Auditory Processing Disorder

Auditory Processing is a complex area of Audiology and Speech Pathology. The diagnosis and management of Auditory Processing Disorders continually evolves using the latest research from within Audiology, Speech Pathology, Psychology and Neurology fields.

What is an Auditory Processing Disorder?

Auditory Processing (AP) refers to “what we do with what we hear”. How we detect, decode and process information in a meaningful way.

An Auditory Processing Disorder (APD) is an “inability to make optimal use of what we hear”, i.e. there is a delay in development of, or dysfunction along, the central auditory nervous system affecting the child’s ability to process information they hear. This can affect a child in many ways both academically and in their social interaction with their peers.

Standard hearing assessments have significant limitations in determining a child’s functional listening ability in everyday life. Children with auditory processing difficulties present with normal hearing using these standard tests, however once listening conditions become more challenging (e.g. listening to speech in background noise, identifying subtle information in speech required to accurately process information etc.) their true listening abilities are identified.

In fact, some audiologists prefer the term Central Auditory Processing Disorder because of the significant role the central auditory nervous system plays in processing auditory information.

Typical behaviours of a child with an APD

Children with auditory processing difficulties typically present with several of the following:

  • Easily distracted by background noise

  • Struggle to follow conversations or instructions involving more than one task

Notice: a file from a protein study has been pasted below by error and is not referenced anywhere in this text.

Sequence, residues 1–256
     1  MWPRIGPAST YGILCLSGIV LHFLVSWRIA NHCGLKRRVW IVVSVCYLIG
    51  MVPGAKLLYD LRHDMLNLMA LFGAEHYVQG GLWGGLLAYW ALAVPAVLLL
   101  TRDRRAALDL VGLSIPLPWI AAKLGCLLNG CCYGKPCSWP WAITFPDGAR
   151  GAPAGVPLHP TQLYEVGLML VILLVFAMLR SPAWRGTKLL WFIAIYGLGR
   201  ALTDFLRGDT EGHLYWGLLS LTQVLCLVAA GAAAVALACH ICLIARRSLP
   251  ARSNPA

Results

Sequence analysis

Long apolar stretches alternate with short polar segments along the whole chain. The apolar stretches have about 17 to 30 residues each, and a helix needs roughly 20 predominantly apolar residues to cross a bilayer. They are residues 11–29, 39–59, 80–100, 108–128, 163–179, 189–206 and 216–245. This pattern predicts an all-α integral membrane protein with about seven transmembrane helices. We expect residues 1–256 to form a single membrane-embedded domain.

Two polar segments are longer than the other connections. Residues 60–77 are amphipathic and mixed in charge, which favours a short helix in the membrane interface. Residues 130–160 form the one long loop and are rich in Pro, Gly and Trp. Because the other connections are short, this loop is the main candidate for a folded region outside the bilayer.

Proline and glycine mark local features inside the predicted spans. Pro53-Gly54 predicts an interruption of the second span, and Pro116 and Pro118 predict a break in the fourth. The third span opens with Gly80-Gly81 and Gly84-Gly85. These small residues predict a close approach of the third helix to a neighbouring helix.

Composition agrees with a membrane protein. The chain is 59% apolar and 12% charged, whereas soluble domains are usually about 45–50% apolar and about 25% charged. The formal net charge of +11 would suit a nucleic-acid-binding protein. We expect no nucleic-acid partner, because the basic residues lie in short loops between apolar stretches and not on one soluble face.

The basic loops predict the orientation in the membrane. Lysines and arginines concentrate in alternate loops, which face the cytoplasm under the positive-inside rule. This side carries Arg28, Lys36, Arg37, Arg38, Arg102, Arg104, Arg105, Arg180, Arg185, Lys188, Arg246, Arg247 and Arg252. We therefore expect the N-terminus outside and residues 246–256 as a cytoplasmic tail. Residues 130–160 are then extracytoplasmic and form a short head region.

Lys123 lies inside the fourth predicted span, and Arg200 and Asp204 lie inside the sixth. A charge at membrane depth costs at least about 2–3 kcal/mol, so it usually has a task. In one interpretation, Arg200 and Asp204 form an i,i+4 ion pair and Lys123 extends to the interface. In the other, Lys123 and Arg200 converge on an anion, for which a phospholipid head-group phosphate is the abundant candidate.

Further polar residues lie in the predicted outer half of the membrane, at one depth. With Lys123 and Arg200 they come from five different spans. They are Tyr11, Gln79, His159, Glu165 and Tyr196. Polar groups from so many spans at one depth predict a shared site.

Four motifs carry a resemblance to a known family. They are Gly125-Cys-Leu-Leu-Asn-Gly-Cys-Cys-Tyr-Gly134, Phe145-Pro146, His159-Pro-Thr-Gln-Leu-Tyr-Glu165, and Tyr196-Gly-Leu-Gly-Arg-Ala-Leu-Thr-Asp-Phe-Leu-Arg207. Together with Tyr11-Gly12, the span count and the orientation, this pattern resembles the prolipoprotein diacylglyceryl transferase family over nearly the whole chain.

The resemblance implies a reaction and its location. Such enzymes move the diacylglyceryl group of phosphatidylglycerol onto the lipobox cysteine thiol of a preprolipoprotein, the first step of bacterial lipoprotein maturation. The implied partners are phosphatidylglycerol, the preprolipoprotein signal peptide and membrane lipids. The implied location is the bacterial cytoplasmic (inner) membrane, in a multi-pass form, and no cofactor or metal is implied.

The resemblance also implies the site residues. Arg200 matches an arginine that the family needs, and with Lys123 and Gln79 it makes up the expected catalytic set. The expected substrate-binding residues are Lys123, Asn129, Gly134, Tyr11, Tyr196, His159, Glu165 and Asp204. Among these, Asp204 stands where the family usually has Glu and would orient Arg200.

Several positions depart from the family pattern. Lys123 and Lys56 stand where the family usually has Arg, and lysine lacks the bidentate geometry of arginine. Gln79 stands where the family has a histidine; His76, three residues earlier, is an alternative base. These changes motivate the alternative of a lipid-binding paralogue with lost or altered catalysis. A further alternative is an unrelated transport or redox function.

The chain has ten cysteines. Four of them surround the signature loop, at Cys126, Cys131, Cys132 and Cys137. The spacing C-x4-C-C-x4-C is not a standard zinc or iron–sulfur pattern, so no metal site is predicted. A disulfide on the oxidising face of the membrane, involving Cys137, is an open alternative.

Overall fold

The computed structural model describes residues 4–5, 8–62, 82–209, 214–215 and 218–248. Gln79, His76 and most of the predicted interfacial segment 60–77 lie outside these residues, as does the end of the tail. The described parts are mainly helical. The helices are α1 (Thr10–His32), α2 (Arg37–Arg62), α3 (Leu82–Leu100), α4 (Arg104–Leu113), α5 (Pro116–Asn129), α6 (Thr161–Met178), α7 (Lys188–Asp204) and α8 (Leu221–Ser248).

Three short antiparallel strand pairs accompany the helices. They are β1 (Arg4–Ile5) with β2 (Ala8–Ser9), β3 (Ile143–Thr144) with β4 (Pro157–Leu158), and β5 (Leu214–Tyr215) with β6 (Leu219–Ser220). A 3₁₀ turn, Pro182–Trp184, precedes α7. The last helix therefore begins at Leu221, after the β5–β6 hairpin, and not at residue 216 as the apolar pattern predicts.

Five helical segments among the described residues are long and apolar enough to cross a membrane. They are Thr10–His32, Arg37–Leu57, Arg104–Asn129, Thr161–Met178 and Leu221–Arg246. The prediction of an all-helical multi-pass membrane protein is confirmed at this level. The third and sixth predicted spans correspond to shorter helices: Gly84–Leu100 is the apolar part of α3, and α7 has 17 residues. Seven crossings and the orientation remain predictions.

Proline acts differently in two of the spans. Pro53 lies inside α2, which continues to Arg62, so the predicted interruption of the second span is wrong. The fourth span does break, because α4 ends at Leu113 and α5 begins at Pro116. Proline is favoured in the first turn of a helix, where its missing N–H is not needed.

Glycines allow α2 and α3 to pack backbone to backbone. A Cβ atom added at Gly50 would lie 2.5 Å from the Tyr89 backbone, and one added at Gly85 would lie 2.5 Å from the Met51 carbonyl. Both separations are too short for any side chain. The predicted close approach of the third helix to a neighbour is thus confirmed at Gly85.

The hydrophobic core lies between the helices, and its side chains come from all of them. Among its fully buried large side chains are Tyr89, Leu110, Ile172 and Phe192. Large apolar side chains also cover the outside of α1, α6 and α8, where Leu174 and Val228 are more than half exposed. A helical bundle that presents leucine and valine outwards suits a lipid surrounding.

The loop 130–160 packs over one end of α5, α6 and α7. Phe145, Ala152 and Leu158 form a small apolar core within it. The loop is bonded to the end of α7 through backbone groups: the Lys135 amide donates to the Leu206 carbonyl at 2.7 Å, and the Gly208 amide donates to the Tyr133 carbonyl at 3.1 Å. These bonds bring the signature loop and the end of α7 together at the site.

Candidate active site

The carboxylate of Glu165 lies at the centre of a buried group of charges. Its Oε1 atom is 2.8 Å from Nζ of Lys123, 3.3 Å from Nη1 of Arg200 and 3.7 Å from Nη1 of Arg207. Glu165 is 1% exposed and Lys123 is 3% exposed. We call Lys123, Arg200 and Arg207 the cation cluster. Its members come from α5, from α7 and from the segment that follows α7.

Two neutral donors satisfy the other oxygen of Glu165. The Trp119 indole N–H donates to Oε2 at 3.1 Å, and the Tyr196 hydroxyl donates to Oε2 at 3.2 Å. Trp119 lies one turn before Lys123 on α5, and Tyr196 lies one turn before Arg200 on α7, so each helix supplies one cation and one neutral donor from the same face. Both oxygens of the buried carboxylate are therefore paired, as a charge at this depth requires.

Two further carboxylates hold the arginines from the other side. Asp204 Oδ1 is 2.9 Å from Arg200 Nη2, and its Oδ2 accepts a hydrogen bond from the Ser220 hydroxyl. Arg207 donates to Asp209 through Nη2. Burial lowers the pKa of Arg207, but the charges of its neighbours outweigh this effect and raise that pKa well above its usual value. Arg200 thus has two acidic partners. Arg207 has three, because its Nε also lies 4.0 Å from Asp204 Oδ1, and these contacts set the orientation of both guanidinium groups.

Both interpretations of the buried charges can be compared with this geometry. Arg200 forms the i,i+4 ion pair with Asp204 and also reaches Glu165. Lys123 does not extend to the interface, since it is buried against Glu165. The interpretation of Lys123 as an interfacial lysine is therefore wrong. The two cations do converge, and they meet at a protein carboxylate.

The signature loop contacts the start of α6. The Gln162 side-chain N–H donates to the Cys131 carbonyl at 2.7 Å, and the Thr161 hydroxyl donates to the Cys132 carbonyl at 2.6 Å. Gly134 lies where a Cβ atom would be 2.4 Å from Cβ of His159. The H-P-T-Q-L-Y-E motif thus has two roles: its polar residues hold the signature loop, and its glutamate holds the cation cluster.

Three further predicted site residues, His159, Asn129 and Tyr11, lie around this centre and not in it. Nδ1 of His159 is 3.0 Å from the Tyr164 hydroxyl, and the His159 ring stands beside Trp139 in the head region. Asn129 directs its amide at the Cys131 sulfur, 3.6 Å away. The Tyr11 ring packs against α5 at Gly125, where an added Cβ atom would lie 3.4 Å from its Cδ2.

• Perform better when shown (visual cues) than told (verbal)

  • Often look confused, unsure of next step

  • Forgetful – unable to retain information

  • Often ask for information to be repeated

  • Better listening one-to-one than in a group

Is APD a definitive diagnosis or does it coexist with other disorders?

An APD may present in isolation, but more often coexists with other developmental disorders. This is not surprising given the central auditory nervous system is interconnected with many other processes within our complex neurological system. It is important to acknowledge that APD is not the result of cognitive, higher-order language or learning difficulties, however, may contribute towards these disorders.

Who should diagnose a child with an Auditory Processing Disorder?

Given the above, the only professional able to diagnose a child with an APD is a Paediatric Audiologist with specialised training in this field. Consideration must be given to the child’s presenting difficulties, medical history, family history and overall development. Children must be at least 6 years of age. Assessment and management often involve a multidisciplinary team.

Early detection and intervention are vital to make optimal use of a child’s critical periods of development (neuroplasticity). Explicit training and exposure to auditory stimuli can make significant improvements in the central auditory nervous system.

What can be done if a child is diagnosed with an APD?

Considering the complexity of the auditory system, management programs should include: Explicit Auditory Training, Environmental Modifications at home and in the classroom and Compensatory Strategies. Management is tailored specifically for the child’s presenting difficulties and results from their assessment.

Little Ears and Little Speech has the unique ability to combine the expertise of audiologists and speech pathologists to develop an individualised programme focusing on your child’s needs.

Auditory Training: explicit and intensive auditory training continues to show the most improvement in developing a child’s auditory processing abilities and strengthening their areas of difficulty. Little Ears & Little Speech specialise in auditory training. See more.

Environmental Modifications: aim to increase clarity and improve access to auditory information. This often includes listening devices (Personal Listening Devices or Classroom Soundfield Systems) to enhance the signal (person talking) and overcome the effects of background noise and distance. Further information available.

Compensatory Strategies: training children in metacognitive skills so that they can recognise difficult listening situations and be proactive using strategies to accommodate and improve their listening. These strategies can also be applied to many other areas of learning and increase a child’s motivation and self-confidence.

 

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